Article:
Oncologists – medical doctors who specialize in the treatment of cancer – treat most cancers with surgery, systemic chemotherapy, radiation therapy, or a combination of these treatments. The choice of treatment depends, of course, on the type and stage of the patient's cancer. Surgical resection (removal) of tumors at present offers the best chance for a cure, but many tumors (especially those in the liver) are not candidates for surgery because the tumor is too large, or has grown and invaded major blood vessels or vital organs. Sometimes many small tumors are spread throughout the liver, which can also make surgery too risky or impractical. These concerns mean that up to 66% of patients with primary liver cancer and 90% of patients with secondary liver are not surgical candidates.
The minimally-invasive treatments provided by the best interventional radiology doctors in Phoenix thus have a strong place in the overall treatment of cancer. Even when surgery presents the best chances for a cure, IR treatments such as chemoembolization or tumor ablation may be employed to shrink tumors or stop their growth before surgery. Because systemic chemotherapy does not have a strong history of curing liver cancer when used as a standalone therapy, IR used in conjunction with other therapies can often improve the chances of a cure, as well as providing palliative relief and improving patients' quality of life.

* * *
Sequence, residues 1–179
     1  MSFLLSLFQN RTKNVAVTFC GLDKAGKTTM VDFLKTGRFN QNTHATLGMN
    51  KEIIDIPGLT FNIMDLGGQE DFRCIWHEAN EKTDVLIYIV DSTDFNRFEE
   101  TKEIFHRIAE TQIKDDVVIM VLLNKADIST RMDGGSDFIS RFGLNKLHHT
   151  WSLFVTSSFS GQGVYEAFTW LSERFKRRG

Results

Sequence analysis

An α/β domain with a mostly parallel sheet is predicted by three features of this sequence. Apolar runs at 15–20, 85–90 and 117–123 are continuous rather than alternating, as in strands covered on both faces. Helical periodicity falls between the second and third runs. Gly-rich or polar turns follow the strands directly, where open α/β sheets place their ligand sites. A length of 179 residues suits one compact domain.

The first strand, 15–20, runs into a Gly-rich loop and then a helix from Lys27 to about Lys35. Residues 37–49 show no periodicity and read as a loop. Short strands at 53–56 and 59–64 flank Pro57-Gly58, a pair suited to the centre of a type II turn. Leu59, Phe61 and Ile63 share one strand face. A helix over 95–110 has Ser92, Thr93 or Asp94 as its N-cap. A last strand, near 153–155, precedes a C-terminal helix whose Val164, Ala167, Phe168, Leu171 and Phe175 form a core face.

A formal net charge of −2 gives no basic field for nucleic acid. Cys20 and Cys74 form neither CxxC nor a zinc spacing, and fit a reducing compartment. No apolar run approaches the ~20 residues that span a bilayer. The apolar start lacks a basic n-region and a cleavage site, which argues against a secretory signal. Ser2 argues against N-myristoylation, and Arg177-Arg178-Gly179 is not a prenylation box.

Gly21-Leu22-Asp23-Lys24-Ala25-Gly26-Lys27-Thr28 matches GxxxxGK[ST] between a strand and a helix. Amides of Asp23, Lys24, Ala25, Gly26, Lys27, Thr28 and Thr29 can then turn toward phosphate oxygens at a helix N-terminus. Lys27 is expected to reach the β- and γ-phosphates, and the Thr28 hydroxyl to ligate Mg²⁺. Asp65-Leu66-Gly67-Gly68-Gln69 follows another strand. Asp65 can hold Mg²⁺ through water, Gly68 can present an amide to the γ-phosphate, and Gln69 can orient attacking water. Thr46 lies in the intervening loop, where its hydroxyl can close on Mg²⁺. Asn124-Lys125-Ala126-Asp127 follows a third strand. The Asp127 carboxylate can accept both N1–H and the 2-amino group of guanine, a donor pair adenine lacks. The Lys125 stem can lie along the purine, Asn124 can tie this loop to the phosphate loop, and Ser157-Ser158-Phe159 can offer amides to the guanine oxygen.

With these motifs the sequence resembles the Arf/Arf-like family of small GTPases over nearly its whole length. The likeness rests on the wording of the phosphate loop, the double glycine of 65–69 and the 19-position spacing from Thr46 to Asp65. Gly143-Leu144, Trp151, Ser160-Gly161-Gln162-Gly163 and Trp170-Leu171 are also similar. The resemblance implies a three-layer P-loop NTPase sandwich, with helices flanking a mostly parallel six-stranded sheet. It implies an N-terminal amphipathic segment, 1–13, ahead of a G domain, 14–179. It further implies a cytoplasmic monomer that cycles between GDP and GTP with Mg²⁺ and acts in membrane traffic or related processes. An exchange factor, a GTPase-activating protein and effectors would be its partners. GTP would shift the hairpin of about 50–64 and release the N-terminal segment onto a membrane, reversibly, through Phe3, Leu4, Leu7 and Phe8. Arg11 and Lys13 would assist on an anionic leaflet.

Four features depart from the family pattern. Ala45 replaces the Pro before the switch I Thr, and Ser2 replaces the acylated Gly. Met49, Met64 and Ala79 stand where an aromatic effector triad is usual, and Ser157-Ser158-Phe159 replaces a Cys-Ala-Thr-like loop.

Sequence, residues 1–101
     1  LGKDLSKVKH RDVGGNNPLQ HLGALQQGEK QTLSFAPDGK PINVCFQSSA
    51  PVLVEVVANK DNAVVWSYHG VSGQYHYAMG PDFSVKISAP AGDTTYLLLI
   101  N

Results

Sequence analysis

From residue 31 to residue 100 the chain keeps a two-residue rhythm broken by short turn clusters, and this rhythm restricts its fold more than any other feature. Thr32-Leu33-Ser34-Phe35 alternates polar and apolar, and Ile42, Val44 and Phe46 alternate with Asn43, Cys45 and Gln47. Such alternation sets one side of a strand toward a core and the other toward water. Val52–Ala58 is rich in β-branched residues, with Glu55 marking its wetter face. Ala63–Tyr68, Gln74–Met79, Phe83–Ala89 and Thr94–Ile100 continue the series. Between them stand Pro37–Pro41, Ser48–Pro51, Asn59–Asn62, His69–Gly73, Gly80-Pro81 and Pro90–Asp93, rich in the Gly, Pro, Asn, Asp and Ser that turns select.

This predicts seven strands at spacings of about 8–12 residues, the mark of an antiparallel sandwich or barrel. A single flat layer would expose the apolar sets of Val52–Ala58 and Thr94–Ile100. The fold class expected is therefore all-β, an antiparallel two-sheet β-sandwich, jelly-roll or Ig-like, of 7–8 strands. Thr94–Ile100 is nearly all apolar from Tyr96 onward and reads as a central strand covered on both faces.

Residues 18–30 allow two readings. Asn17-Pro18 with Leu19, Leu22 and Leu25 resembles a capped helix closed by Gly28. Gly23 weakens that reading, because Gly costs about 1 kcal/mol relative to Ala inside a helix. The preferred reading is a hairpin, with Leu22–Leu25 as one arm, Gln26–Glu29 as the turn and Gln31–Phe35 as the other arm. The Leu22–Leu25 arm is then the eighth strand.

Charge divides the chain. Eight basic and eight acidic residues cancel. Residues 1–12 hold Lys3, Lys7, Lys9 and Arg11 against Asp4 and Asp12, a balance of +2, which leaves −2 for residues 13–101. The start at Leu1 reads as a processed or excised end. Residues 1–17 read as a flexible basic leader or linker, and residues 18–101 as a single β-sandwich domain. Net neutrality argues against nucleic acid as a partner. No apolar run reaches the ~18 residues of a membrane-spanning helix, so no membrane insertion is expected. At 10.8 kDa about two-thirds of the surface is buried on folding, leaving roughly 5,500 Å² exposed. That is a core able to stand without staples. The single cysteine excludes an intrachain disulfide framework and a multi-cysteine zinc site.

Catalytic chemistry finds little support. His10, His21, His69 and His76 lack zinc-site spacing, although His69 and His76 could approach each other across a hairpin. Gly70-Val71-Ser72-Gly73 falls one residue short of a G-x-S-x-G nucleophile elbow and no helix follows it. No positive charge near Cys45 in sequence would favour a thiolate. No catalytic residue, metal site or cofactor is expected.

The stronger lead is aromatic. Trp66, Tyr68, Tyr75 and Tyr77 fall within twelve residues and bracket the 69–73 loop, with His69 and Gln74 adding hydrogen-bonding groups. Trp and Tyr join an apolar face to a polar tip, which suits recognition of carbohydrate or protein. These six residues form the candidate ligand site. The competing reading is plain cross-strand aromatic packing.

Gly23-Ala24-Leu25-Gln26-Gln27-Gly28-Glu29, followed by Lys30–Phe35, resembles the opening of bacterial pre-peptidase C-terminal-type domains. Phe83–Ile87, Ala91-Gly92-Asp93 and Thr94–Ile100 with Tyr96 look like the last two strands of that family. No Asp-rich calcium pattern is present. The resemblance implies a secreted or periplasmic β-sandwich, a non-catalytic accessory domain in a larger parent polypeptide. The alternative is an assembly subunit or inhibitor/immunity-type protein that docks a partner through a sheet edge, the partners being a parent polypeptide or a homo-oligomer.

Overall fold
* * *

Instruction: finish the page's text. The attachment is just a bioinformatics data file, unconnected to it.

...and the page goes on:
What types of interventional radiology therapies are used to treat cancer?
IR therapies are often a strong part of "liver-directed" therapies in which the tumors themselves are treated locally. Percutaneous ablation therapy, for example, is often used to treat small HCC (hepatocellular carcinoma) tumors by using CT or ultrasound scans to guide a catheter to the location of the tumor and then using heat (radiofrequency ablation), cold (cryoablation), or chemicals (percutaneous ethanol installation) to destroy them. Ablation is a good choice in these cases because it limits the treatment to the area of the tumors, sparing the rest of the liver. The minimally-invasive nature of the procedure is also easier on the patients, who can often go home the same day. Tumors of the liver can also be attacked directly via embolization, to deliver chemotherapy drugs directly to the tumor and/or to block blood flow to the tumors and shrink them by depriving them of oxygen and nutrients. For details on these procedures, see the Cancer Care section of our website, where we describe certain techniques.
IR therapies are also used to treat side effects of cancer
Another interventional radiology procedure called TIPSS (Transjugular Intrahepatic Porto-Systemic Shunt) is often used to treat portal hypertension, a condition that often afflicts patients with liver cancer. It is used to re-establish proper blood flow to the liver when it has become obstructed.
Pain management is often a big part of treating cancer as well, and several IR treatments provided by Comprehensive Interventional Care Centers have helped to make our facilities one of the best pain management centers in Phoenix. Minimally-invasive IR therapies can reduce patient pain by delivering epidural spinal injections, facet injections, and selective nerve root blocks, and a procedure called kyphoplasty can also help to reverse pain caused by cancer-caused bone degeneration.
Your interventional radiologist is an integral member of the team helping to fight your cancer
The interventional radiologists at Comprehensive Interventional Care Centers pride themselves on working closely with patients and their doctors. Together we determine the best and most effective treatments to fight your cancer, and then each of us provides our specialized treatments. So if you are being treated for cancer, make sure your oncologists, radiation oncologists, surgical oncologists, and other health care providers are familiar with our website at www.ciccenters.com and know what makes us one of the best cancer facilities in Phoenix.